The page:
Airport Features

New Airport features for 2024

Untitled design 33We've introduced two new exhibits at the terminal to celebrate our history and connection to this land. The first, a historical timeline on our mezzanine floor, created with the help of local historian Michael Fowler, tells our story beyond just a record of events. It highlights our modest start with a tram car terminal, Jean Batten's legendary visit, early flights connecting Hawke's Bay to Gisborne, the time our runway became a '70s drag racing strip, and the cost-saving full moon runway resurfacing. It's a tribute to our resilience, innovation, and the spirit of our community.

We also unveil a very special historical map depicting Te Whanganui a Orotū or the Ahuriri inner harbour, as it was prior to the 1931 earthquake. The quake lifted the seabed by 1.8 metres, transforming Te Whanganui a Orotū from a vast tidal lagoon into the flat land that would eventually host our Airport as it is today. This area was considered a crown jewel to the hapū of Ahuriri. The map invites visitors, locals, and mana whenua to connect with our shared heritage and the transformative journey of this land. Many thanks to the efforts from Mana Ahuriri in creating this very special piece. 

Next time you are in the terminal check out the timeline and map. It's a great way to spend some time while having a coffee waiting for your flight.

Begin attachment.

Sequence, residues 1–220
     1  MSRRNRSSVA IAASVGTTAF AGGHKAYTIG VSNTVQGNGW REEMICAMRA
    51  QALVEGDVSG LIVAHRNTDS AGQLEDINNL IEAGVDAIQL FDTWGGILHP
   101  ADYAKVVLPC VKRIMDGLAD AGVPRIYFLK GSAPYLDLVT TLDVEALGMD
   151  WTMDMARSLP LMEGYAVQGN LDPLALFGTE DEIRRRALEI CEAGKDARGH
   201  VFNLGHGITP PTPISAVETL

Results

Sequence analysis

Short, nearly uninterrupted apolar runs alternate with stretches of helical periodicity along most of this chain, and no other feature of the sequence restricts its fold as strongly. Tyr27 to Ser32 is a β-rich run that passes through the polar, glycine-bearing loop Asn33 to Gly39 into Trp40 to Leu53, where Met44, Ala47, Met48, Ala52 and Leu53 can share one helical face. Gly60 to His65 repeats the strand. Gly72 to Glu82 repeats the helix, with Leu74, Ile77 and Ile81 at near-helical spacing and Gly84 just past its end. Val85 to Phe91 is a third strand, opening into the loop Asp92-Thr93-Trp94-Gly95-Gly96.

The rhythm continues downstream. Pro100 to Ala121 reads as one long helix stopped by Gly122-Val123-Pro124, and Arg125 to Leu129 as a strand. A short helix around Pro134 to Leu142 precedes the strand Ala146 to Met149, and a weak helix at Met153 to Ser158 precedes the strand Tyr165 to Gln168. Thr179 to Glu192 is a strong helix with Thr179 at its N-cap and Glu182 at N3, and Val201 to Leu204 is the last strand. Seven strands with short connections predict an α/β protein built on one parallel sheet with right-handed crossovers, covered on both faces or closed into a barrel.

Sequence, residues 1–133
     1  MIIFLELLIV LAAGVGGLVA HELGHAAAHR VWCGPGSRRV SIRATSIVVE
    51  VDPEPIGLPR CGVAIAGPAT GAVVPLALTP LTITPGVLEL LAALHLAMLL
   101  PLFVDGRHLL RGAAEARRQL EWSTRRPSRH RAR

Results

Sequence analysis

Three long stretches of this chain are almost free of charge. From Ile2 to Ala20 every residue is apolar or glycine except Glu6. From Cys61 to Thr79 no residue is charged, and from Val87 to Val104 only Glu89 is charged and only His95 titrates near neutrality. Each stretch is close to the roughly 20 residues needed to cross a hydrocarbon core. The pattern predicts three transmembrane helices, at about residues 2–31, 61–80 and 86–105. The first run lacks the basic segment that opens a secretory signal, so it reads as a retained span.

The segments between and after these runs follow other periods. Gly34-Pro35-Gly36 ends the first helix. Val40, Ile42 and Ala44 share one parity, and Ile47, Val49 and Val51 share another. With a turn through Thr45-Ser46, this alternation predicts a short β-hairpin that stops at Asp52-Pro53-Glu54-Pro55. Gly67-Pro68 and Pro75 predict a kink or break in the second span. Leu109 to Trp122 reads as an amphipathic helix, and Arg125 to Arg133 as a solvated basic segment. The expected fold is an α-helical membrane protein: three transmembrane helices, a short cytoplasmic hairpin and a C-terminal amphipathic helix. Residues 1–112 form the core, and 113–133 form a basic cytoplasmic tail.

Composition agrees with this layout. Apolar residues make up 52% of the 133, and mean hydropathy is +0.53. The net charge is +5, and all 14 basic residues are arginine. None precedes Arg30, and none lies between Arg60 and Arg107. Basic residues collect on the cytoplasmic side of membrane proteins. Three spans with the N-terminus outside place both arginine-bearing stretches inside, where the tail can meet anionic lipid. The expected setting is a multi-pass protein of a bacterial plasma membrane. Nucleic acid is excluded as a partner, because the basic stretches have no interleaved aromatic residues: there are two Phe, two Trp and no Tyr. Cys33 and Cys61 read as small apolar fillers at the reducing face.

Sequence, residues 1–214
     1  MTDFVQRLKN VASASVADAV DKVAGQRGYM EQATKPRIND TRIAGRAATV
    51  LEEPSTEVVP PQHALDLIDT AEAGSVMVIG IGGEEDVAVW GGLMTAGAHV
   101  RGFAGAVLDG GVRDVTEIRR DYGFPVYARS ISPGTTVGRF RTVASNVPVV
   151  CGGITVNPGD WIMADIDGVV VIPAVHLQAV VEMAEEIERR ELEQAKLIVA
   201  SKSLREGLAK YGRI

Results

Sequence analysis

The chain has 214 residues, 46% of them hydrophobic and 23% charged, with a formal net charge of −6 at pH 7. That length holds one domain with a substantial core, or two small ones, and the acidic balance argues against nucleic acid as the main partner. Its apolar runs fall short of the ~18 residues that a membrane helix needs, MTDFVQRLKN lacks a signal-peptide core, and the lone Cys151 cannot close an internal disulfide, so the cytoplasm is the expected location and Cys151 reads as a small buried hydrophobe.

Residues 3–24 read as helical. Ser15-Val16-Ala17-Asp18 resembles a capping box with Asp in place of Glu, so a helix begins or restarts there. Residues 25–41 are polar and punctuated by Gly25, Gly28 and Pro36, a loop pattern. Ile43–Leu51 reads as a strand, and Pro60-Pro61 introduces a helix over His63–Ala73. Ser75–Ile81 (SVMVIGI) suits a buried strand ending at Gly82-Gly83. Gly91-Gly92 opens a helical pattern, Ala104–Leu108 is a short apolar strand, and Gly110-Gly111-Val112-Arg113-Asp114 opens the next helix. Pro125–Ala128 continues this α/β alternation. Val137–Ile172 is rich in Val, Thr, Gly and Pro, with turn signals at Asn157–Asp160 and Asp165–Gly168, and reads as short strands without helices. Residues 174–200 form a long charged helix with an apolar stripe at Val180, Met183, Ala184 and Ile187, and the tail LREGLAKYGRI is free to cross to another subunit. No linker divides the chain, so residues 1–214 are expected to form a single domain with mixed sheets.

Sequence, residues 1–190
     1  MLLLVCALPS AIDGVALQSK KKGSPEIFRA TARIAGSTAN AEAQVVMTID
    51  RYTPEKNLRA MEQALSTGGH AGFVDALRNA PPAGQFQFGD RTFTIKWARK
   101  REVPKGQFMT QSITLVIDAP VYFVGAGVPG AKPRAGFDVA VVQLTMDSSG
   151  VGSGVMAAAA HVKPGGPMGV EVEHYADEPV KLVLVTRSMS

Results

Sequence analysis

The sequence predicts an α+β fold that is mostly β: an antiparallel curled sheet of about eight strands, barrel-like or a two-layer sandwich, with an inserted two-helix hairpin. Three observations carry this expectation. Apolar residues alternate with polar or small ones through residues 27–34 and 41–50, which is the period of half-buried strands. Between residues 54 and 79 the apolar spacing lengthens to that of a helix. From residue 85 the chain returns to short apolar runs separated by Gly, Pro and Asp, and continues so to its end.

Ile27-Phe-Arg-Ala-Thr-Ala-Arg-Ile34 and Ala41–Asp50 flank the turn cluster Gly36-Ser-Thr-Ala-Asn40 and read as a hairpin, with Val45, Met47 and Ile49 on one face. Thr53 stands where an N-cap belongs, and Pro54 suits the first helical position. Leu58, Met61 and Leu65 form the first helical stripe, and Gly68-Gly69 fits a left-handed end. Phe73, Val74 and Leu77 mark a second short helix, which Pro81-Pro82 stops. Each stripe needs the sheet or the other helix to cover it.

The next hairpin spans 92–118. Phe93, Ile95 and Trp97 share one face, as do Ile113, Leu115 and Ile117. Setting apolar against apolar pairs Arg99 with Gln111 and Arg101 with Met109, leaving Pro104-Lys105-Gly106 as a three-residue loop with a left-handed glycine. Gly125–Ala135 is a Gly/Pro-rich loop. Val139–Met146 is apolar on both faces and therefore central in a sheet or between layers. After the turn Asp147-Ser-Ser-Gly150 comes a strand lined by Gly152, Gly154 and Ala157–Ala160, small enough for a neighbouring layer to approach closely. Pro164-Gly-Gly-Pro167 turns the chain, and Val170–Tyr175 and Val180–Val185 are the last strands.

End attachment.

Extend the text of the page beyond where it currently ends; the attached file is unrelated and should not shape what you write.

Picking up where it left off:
The Propeller

A fortunate relic from a bygone age, this propeller takes pride of place within the terminal because it is from one of the two De Havilland aircraft that flew the first commercial flights between Hawke’s Bay and Gisborne from 1935.

Commercial flights stopped when World War II started, and the two De Havillands were seconded to Fiji for the war effort. By the war’s end, only one aircraft remained and this fabric-clad plane was set alight, which was common practice at the time. Fortunately, a sentimental serviceman rescued one of the propellers before being consumed by the flames and brought it back to Hawke’s Bay on a returning service flight.

The story goes that the serviceman’s father pedaled to the airport, wrapped the propeller in a blanket, and cycled it home as a wartime souvenir. For many years the propeller was stored at the Hawke’s Bay Aero Club before it was offered to Hawke’s Bay Airport on a permanent loan for the terminal redevelopment.


The Tram Car Terminal

Tram Car

“Flying in the box like dragon was not unlike being in a tram car”

This quote is displayed in the terminal as a nod to the experience of flying within a De Havilland Dragon Mk II in the 1930s. In an amusing coincidence, an old tram car was being used as the passenger terminal and office at the time which can be seen in the background of the poster on the wall and more clearly in the images below.

Tram Car inside

Skysyx - The Cat On The Wall 


Skezyx the cat was well documented as the mascot of East Coast Airways*. He was an inquisitive little guy who clearly loved to fly. He would go up on the occasional test flight in the bumpy De Havilland Dragon aircraft and at least once, he managed to get onto a passenger flight, amusing the customers on board. 

*East Coast Airways Limited operated the first commercial services between Hawke’s Bay and Gisborne commencing on the 15th of April, 1935. This was the first multi-engine scheduled air service in New Zealand.